We moved into a new house this last year. It hadn’t been well-cared for, so the number of projects to do were endless at best. Since the weather was changing to spring, we decided to tackle the outside first so the kids could be out with us.
I looked at the landscape and almost waved my white flag of surrender before even starting. Even though I knew it needed change, I scanned the yard and didn’t know where to start.
I think recovery can look a lot like this. We know something needs to change and we even know there is something more waiting for us in the end, but getting started – getting dirty – that’s the hardest part.
So as I took on this goal of trying to find beauty within the weeds, here’s what I learned in the process:
Start somewhere – anywhere.
The yard was literally so full of weeds and overgrown brush that I didn’t even know how to formulate a plan. I had no good strategy. One day, our friends brought over a leaf blower and just started gathering up pieces of the mess. It was just the beginning, but so valuable. After that, I just decided to start pulling weeds. Recovery is similar – you don’t need to know how you are going to make the changes that need to be made. Start somewhere. Get a counselor, talk to a friend, be honest with someone about what you are struggling with. Any step in the right direction is a beginning.
It’s not a one day project.
I finished the first day and felt alive with all that we had accomplished. I was no doubt going to be done and have a whole new yard in weeks. I may not have had a vision, but I had a goal. I thought I could will my way through, but the reality was weeks of on and off rain and tons of setbacks in other projects that took my focus off my goal. Weeds kept coming, I needed new tools, as well as extra hands. It was definitely not going to be a fast project. Once you take that first step in recovery, it’s easy to think that it’s going to be a quick and easy fix, but the reality is often quite different. You can make great strides in adjusting your perspective, only to have old hurts and painful relationships sidetrack your efforts. You may need to try new tools for self-talk or join a therapy group for a while to be reminded that you aren’t alone. Recovery is a journey, not a project.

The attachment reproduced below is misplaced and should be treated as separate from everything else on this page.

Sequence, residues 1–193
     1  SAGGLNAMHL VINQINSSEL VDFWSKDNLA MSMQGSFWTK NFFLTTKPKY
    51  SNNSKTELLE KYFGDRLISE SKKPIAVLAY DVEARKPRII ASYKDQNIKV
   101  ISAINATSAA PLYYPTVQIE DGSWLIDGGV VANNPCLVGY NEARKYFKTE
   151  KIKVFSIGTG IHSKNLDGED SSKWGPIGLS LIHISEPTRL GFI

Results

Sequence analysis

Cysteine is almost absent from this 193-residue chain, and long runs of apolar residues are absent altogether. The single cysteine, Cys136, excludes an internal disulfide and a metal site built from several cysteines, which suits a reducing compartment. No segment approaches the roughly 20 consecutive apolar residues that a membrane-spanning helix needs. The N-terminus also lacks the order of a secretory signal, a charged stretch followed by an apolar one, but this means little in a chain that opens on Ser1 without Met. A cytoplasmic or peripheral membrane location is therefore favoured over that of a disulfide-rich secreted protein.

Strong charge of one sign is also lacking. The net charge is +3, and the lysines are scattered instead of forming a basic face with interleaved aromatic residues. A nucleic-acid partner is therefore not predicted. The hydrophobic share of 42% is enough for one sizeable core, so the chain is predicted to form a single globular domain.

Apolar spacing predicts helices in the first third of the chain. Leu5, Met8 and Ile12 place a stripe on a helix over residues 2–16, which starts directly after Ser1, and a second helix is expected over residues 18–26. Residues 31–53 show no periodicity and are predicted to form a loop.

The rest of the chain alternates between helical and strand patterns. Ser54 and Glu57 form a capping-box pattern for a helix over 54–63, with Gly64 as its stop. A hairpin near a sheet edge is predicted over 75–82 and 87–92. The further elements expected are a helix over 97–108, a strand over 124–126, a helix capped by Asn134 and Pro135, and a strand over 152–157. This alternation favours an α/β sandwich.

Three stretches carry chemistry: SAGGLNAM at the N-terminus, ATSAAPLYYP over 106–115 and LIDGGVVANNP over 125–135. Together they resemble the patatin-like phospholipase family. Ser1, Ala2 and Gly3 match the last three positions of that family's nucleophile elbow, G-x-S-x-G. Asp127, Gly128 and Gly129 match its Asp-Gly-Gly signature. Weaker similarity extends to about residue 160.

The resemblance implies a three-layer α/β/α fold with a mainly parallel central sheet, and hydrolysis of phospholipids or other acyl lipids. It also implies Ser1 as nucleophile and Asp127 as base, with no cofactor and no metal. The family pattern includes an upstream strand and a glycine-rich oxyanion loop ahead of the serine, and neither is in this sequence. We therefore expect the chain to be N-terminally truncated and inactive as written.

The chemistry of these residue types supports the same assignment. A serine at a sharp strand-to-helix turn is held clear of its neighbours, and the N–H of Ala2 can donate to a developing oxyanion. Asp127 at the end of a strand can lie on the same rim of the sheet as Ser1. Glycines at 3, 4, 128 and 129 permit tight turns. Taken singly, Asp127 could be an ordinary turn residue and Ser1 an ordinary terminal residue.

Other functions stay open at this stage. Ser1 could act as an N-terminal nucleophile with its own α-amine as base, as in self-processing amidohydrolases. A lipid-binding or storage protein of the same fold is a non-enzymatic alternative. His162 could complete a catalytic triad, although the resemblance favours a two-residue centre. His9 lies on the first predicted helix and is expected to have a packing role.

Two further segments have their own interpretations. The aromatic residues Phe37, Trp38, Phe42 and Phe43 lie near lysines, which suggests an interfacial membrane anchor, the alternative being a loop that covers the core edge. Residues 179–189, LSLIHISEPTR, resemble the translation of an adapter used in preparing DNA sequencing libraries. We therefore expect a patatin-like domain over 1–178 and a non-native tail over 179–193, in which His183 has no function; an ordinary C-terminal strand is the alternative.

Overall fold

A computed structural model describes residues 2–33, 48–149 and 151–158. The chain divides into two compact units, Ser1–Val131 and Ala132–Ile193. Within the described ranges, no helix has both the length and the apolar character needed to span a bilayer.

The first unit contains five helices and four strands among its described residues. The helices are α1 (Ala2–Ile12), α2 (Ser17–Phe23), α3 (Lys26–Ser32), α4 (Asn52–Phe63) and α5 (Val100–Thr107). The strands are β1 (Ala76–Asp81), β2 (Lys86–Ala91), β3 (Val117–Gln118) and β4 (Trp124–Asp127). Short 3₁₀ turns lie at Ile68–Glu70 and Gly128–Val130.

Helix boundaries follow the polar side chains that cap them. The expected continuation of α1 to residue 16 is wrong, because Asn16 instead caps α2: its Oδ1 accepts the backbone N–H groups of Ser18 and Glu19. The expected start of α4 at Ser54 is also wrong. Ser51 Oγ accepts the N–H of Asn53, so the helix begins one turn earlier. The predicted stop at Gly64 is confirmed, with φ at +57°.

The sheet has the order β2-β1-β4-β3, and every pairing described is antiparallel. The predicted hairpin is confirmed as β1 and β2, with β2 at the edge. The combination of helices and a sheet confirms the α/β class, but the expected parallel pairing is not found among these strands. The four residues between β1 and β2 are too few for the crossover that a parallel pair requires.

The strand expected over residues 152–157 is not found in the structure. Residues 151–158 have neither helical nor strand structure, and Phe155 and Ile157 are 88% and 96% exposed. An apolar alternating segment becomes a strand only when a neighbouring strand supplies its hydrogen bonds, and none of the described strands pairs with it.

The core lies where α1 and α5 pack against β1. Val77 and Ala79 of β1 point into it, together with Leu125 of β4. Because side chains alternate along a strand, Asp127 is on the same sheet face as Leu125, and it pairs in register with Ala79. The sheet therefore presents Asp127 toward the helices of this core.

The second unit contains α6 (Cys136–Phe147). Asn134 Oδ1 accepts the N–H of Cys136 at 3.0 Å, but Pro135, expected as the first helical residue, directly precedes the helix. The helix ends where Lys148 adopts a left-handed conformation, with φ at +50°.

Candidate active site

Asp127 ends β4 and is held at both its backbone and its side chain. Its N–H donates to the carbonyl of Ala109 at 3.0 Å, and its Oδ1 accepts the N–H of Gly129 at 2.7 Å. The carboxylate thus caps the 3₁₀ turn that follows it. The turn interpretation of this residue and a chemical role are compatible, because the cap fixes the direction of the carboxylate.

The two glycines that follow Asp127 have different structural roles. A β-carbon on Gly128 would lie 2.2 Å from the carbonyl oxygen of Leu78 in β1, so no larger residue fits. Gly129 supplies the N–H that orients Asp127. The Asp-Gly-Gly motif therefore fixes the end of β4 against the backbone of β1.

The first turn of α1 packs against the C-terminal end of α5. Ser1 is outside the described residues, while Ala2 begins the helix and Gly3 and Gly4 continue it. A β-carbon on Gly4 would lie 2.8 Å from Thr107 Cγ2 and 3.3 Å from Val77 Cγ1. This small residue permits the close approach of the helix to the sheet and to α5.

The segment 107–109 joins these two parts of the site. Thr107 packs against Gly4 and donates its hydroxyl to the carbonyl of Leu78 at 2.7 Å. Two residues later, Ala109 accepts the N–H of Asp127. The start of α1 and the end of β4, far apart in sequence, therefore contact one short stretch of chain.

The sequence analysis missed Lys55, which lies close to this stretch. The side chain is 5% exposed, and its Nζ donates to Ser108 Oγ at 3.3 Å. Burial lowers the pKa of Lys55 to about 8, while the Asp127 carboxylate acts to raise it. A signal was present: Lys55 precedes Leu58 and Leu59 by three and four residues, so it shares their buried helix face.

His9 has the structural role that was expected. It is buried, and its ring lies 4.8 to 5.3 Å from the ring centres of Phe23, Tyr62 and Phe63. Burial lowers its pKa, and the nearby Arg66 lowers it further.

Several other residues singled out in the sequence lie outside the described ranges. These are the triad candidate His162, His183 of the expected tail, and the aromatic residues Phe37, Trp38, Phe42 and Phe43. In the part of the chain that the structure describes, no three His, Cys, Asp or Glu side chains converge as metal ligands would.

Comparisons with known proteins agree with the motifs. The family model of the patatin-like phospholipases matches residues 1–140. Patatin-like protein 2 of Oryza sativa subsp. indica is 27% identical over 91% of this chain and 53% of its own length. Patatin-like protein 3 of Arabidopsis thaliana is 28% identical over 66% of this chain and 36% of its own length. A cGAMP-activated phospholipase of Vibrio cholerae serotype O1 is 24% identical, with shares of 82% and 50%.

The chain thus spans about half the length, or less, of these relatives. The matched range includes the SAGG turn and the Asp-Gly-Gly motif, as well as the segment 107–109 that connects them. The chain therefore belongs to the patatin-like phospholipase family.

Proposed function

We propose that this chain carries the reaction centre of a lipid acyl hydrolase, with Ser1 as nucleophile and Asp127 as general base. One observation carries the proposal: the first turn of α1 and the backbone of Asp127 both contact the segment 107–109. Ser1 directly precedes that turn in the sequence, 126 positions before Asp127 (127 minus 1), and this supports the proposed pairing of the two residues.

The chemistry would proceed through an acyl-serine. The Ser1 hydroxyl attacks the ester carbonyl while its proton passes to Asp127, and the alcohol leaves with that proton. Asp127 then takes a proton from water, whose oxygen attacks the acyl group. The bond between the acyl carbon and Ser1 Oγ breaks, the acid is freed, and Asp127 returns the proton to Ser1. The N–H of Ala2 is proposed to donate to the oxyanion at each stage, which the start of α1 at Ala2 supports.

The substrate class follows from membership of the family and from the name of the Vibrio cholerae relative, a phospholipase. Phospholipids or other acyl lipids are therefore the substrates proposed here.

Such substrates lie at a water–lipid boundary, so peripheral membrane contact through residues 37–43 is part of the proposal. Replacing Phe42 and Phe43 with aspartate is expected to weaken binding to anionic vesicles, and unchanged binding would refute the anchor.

Weeds are complex and come up… all the time.
I pulled, raked, yanked, hoed, tilled the soil – but weeds still came. Weeds come in dense patches. They come widespread. They are just below the surface. And they are deep in the soil. They can look just like a plant while totally choking out something that is trying to thrive. Weeds are funny things because the ground can appear completely clear, but a little rain or inattention, and pop up they come again. Landscaping, like life, requires constant attention – diligent effort to make sure that you are on top of all that is going on around you. Negative and unhealthy thoughts, just like the weeds, are are trying to choke out the beauty in the surroundings. They can easily be hiding just below the surface. Recovery will be an ongoing maintenance of catching thoughts before they bloom too full, so they don’t get a chance to ruin what is lovely. You may not be able to catch them all at once, but you can keep an eye out for them so they don’t grow too fast.
It’s ok to work on one section at a time.
I saw the big picture of the lawn and knew my end goal I wanted to be done, but realistically I need to take on one chunk at a time. Each time I’d weed and water and plant, I’d celebrate my accomplishment for that part, it looked good and I’d worked hard. Working hard on one area of recovery is a valuable part of the journey. There is a lot to celebrate in each part of the process that you work hard on; celebrate it. It’s ok to only have the energy to take it one part at a time – legalize one food, capture one thought, release one part of your hurt. Celebrate all you’ve done and where you’ve come from. Pick your next area to do, but then remind yourself that this area will still need to be weeded and maintained occasionally as well.
You’ll learn… and change your mind.
We initially picked a spot for our kids to plant some flower seeds. It was a cute nook and seemed a great place for them to be able to participate a bit. The seasons were moving quickly and I had my green thumb cruising so I rushed it a bit and quickly yanked out weeds, did a few swipes with the rake, and after seeing a mostly dirt-ed area, I had the kids plant their seeds. It didn’t go well. I hadn’t realize how little sun that area got and these seeds required a lot. I also didn’t know that they were better planted at another point in the year. None of these things led to good results. Additionally, with our heads out of the proverbial weeds, we had more time to make a better plan for the yard. It was time for a restart in this space. I had to dig the area up again – more thoroughly – and ended up relocating the plants that would do better in a new area. Recovery was a lot like this for me. I rushed some things and had to come back to them. There were things that seemed like a great idea to try, but they didn’t work well for me. I needed to find what worked for who I was and what season of life I was in. I know certain areas of my life are well-cared for and getting just the right light. I can also tell when other areas aren’t getting enough light or water.
The more you pay attention to your landscape: what looks and feels beautiful to you, what thoughts help you grow and change and which ones don’t, seeing where you need extra help and where you can get victory on your own – the more you do these things, the more you realize that you won’t always get it right and you may need to make a new plan, but your hard work will pay off.
I hope that your garden grows – that you flourish and bloom in the space that is just right for you. Remember, making your own landscape is a journey and not just a project.